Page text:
You may be better organized than I am, but in my overscheduled life, every once in a while I miss an appointment. Then comes the dreaded e-mail: “I have on my calendar that we were doing lunch today at noon. I looked for you, but didn’t see you. Call me . . .”
Growing up, I watched Saturday morning television cartoons in which a character was making a decision. On one shoulder an angel hovered, saying, "Do the right thing!" But on the other shoulder perched a devil urging the character to do the wrong thing. You already know what happened: as the angel looked increasingly anxious, the cartoon character chose to do the wrong thing.
Paul's Galatians didn't watch TV cartoons, but they probably had a similar model of decision making.
When the angel of the Lord told Elijah to go to Mount Horeb, Elijah knew he would encounter God. After all, Horeb was where God spoke to Moses with fire and to Israel with a storm. But for Elijah, God didn’t show up as expected.
"I eventually realized that leaders are not made by books or workshops," says Lisa Yebuah of Edenton Street United Methodist Church in Raleigh, North Carolina. "Leaders are people who marry their knowledge to action."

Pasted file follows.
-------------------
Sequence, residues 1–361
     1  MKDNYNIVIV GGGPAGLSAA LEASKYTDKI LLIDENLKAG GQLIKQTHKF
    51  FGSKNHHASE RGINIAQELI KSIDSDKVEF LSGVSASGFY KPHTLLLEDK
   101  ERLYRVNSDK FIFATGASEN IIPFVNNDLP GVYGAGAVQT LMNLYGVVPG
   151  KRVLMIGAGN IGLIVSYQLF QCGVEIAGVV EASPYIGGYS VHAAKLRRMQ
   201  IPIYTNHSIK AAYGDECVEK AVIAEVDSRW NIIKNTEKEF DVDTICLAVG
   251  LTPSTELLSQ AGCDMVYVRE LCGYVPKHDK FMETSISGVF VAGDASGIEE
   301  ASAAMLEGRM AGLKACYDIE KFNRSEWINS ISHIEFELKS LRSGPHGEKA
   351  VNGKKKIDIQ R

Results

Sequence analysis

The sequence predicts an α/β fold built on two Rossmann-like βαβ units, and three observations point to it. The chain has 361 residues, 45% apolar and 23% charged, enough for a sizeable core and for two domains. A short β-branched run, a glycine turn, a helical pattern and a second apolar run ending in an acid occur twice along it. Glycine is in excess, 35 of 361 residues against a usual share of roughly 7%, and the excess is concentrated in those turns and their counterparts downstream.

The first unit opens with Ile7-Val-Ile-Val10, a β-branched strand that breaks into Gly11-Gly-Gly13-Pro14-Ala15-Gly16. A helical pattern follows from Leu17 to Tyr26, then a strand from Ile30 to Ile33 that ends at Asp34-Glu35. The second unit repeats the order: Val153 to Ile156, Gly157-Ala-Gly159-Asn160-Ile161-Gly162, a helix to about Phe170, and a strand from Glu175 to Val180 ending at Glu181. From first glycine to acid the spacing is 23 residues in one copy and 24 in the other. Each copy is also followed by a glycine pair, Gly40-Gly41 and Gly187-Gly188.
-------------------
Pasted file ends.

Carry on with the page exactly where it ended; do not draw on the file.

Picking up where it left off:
“No religion” is now the single largest group in England and Wales, according to British Social Attitudes data. Consisting of nearly half of the population, this group is twice the size of those who identify as Anglicans and four times the size of the Catholic population. A similar pattern prevails across Europe. The decline of Catholics in Britain would be more severe were it not for Christian immigrants from Africa and Asia. The data show that the church is poor at making converts and at keeping cradle believers. The Anglican and Catholic churches lose at least ten members for every convert (Guardian, May 27).